Introducing Liz Cashman! She is the Head of Reference at Westfield Athenaeum. Recently we asked Liz to share her Project SET experiences.

How did you become aware of Project SET, and what elements drew you to the program?
My library’s director forwarded our entire staff the original email from MLS calling for applications, and wondered if anyone was interested. The elements that initially drew me to the program were 1. getting out of my library/community bubble and learning new skills from other librarians across the state, 2. long-term professional development (I like that it is in-depth), and 3. working on public speaking.

What are your first impressions of the program and its intended outcomes?
I like the program a lot and it is clear the folks running it put in a lot of effort into making each session valuable. So far – I have learned a ton about library trends (as advertised) which is amazing because it’s always something I want to deep-dive into, but rarely have the time for. Also, our second session on public speaking definitely met my expectations and I’m sure will prove to be valuable in the future (hopefully at the MLS annual meeting).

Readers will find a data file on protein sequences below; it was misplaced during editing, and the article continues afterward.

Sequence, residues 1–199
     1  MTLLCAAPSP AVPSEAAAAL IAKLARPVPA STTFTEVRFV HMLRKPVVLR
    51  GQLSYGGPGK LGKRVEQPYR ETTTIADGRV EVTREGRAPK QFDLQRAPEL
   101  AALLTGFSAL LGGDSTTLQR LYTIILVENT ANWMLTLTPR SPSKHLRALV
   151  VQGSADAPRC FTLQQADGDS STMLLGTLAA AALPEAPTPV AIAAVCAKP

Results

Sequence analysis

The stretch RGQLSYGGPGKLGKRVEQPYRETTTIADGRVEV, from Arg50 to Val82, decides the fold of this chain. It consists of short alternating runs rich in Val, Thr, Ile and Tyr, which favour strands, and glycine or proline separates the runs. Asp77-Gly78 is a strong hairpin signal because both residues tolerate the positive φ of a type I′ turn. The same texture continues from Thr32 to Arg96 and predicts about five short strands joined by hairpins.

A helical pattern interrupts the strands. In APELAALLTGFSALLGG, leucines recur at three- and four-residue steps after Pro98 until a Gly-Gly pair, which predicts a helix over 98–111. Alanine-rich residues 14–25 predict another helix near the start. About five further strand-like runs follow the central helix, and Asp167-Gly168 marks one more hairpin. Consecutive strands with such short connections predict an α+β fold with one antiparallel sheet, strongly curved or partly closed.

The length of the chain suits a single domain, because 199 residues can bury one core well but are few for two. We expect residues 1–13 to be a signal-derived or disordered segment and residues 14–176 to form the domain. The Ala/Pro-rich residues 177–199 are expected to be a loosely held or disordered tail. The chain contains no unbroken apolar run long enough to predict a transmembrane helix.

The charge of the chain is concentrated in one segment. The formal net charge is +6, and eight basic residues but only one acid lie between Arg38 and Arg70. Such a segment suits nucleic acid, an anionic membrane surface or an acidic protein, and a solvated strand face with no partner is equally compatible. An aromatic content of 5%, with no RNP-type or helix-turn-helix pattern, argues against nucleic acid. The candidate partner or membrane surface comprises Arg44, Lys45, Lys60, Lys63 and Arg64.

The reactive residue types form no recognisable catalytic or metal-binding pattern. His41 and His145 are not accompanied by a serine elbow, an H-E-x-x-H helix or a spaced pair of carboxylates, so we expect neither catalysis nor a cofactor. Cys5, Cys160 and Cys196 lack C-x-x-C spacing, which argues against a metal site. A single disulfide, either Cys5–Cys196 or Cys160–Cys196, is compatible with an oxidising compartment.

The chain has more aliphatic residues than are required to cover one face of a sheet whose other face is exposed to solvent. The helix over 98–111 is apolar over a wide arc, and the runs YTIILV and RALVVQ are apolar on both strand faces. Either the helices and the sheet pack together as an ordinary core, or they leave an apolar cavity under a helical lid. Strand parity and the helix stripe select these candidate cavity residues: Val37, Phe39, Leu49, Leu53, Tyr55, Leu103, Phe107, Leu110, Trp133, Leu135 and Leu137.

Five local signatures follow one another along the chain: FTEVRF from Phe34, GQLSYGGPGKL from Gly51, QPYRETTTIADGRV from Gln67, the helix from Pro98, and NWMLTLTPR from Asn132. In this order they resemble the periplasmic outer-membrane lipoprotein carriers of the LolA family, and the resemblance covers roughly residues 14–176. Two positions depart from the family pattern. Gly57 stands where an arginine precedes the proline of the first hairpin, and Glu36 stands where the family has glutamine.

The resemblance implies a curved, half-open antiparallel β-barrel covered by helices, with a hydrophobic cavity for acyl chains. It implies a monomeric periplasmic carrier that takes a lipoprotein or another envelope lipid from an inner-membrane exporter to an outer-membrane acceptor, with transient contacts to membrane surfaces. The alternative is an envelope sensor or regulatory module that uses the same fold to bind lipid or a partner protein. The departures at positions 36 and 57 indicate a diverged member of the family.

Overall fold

Project SET begins each year with a study of trends currently impacting libraries. Of the trends you’ve learned about which one do you feel will have the biggest impact on your library and why?
I feel like Collective Impact will have the most impact on my library – due to limited resources and high need, it is in our community’s best interest that local organizations (including the library) make a concerted effort to work together and streamline services. This is not a new concept, but what appeals to me about the collective impact model vs. traditional community partnerships is that it is more structured, with one organization leading the charge.

Want to know more about Project SET? Visit our LibGuide!